In the last six years we have seen huge improvements in the performance of mobile system-on-a-chip designs, with gains spanning the CPU (x100), the GPU (x300), and the DDR memory system (20x). These improvements make it finally possible to start treating high-end mobile phones as a target for the types of graphics algorithms which would have previously only been possible on games consoles and PC platforms. However, the mobile form factor places obstacles in the path of developers which must be intelligently avoided.
Figure 1: Digital Legends: Afterpulse
The most significant limitation of smartphones from a performance point of view is the form-factor. Passively cooling a chip inside a sealed case is never an easy task and the ability of a device to dissipate heat will determine the how much power it can sustainably draw during game play. The challenge for AAA content on mobile is to get as much useful work as possible out of that thermally stable power budget, which is somewhere around 3 Watts for a typical smartphone. This blog explores some of the recommended techniques for Mali GPUs, using the Afterpulse third-person multiplayer shooter from Digital Legends as a case study.
One of my favorite quotes, from Peter Drucker’s book “The Effective Executive”, is:
Efficiency is doing things right; effectiveness is doing the right things.
Efficiency is doing things right; effectiveness is doing the right things.
While originally aimed at business managers, this quote can be re-tasked for our purposes of achieving the best possible performance in game content. Whenever working on content optimization, it is human nature to focus effort on the algorithms and assets already implemented in the game – efficiency – rather than taking a step back to review if new approaches in the rendering pipeline or more significant reworking of assets could give bigger improvements – effectiveness.
What is “effectiveness” for console quality gaming on mobile? In my opinion it means spending energy on CPU cycles, GPU cycles, and DDR memory accesses which result in a visible output on the screen. Any cycle or byte we spend on something which is not visible is energy wasted and visual quality lost. Here are the top six principles which should be considered when trying to optimize content for mobile devices.
The game application is the top of the stack and the only part which has overall knowledge of the scene structure; by the time draw operations reach the graphics driver that structural knowledge has been lost and cannot be exploited. Applications must aggressively exploit their scene knowledge to cull work which can be proven to be out of camera-shot, using techniques such as scene-graph node bounding boxes, zone and portal visibility information, primitive visibility sets, etc.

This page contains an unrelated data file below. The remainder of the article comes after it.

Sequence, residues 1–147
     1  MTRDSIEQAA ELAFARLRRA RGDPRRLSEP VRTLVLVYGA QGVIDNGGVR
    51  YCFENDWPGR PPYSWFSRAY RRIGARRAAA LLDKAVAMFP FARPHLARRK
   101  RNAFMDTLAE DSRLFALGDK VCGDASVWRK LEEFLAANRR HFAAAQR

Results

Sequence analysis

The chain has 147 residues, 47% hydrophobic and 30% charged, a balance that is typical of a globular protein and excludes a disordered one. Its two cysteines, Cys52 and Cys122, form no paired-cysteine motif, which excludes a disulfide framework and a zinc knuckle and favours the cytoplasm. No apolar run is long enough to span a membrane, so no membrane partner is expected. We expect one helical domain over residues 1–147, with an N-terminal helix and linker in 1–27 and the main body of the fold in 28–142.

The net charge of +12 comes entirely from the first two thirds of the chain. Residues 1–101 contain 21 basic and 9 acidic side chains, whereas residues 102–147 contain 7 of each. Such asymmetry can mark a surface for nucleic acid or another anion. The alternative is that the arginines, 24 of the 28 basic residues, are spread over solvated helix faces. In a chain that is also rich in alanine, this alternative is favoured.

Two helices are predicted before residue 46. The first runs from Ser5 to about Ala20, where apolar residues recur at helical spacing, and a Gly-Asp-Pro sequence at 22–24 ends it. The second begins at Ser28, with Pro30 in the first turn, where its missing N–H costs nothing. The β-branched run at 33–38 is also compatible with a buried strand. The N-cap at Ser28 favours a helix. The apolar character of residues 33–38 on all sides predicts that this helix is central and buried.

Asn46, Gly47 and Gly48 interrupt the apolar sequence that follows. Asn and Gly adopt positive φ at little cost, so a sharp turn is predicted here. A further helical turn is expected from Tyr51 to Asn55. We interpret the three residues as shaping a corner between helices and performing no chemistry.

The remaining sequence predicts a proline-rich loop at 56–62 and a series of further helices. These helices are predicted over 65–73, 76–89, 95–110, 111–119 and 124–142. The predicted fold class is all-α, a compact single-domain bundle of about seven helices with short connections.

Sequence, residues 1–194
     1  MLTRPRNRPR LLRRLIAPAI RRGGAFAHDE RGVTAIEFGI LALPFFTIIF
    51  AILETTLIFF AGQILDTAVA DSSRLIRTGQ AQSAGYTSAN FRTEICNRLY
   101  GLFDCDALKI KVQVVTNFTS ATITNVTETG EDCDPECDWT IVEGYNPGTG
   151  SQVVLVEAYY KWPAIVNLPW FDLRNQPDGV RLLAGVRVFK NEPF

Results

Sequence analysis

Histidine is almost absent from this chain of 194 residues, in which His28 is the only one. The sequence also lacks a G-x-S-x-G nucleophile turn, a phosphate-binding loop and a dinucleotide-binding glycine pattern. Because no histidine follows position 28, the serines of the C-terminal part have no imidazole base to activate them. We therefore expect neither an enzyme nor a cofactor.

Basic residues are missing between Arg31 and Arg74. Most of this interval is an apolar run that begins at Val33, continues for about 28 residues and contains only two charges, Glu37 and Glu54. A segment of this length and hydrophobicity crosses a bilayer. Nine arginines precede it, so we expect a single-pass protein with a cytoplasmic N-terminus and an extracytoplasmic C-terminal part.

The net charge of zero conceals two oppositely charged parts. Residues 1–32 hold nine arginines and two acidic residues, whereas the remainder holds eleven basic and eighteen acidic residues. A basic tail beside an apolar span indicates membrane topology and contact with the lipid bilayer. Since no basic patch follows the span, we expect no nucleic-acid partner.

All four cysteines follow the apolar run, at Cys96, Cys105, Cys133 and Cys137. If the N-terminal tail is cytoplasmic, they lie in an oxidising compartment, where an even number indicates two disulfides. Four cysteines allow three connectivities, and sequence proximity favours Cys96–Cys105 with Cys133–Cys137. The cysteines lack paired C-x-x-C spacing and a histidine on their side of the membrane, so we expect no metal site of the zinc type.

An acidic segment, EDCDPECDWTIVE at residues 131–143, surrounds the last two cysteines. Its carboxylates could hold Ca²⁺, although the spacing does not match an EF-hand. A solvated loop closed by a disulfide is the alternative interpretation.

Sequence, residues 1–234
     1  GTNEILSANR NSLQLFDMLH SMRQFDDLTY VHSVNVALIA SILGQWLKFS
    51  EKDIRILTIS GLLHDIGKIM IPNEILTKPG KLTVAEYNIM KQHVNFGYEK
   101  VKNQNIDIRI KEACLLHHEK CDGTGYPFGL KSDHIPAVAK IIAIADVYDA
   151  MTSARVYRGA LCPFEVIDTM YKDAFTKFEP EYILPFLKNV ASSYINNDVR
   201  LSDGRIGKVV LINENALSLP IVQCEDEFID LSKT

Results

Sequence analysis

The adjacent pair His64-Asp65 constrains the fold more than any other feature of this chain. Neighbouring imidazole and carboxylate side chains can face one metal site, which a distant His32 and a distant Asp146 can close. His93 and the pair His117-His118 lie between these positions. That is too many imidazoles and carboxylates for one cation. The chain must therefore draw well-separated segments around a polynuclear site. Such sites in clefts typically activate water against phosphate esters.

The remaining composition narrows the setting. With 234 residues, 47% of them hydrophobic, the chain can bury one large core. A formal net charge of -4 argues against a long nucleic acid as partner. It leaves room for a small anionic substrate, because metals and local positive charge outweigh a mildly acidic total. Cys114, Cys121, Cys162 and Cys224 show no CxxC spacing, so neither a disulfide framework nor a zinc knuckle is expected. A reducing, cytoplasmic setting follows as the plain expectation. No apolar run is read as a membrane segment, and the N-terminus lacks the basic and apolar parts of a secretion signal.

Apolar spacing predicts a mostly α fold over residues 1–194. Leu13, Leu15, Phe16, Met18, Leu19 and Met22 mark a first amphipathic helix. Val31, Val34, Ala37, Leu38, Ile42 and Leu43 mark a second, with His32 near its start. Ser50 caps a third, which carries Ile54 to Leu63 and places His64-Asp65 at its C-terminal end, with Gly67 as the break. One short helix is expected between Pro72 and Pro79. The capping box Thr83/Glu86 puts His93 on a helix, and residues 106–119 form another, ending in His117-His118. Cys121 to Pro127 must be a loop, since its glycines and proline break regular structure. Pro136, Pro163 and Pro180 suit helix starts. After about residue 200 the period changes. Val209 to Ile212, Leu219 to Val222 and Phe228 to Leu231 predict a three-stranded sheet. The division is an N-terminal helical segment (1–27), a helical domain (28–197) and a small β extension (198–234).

The Karisma game engine used by Afterpulse takes proactive steps to cull occluded meshes by inserting simplified occlusion volumes into the rendering pipeline. This allows the engine to discard complex meshes in the next frame if they are occluded by geometry which is closer to the camera. The images below show the effect of occlusion culling (top) compared to the unoptimized scene (bottom) when the player’s view is blocked by a vehicle. We can see that many of the occluded models, such as the ship mast, have been dropped from the optimized render.
Figure 2: Optimized scene with occlusion culling
Figure 3: Unoptimized scene without occlusion culling
Game engine culling schemes can also be used to minimize CPU usage, freeing up more Joules of energy which can be spent rendering instead. For example, culling an entire sub-tree in the scene graph rather than testing every node in it, or evaluating logic and physics updates for off-screen game elements at a lower frequency or precision.
More detail on the techniques an application might consider using are discussed in an earlier blog here: Mali Performance 5: An Application's Performance Responsibilities.
A game engine can remove things which are out of frustum relatively easily, but it is much harder for things which are inside the frustum unless they can be removed by high level checks such as portal visibility which can cull all objects inside rooms which are guaranteed to be invisible even if they are inside the frustum. One of the major potential sources of inefficiency in applications is fragment overdraw, with occluded fragments getting fragment shaded and then subsequently being overwritten by fragments closer to the camera.
Figure 4: Doorway is outside the viewing frustum in a portal culling scheme
All GPUs support early depth and stencil testing, which allows fragments which fail tests to be discarded before fragment shading occurs. To maximize the utility of early-zs testing first render opaque geometry in front-to-back depth order with depth testing enabled using a GL_LESS_THAN comparison. Render transparencies in a back-to-front pass with depth testing enabled, but depth writes disabled. This will ensure the hardware can remove as much overdraw as possible, but still allow correct blending.
Figure 5: The recommended render order to maximize early-ZS rejection
Despite our best efforts graphics drivers are not zero-cost; committing operations into the command stream consumes CPU cycles. To reduce CPU use it is important that applications batch draw operations together to make larger submissions into the graphics API. This may require the use of texture atlases and similar techniques to merge render states together, which will allow for larger batches. This advice holds true even for the new low-overhead APIs such as Vulkan; batching will help minimize CPU usage even there.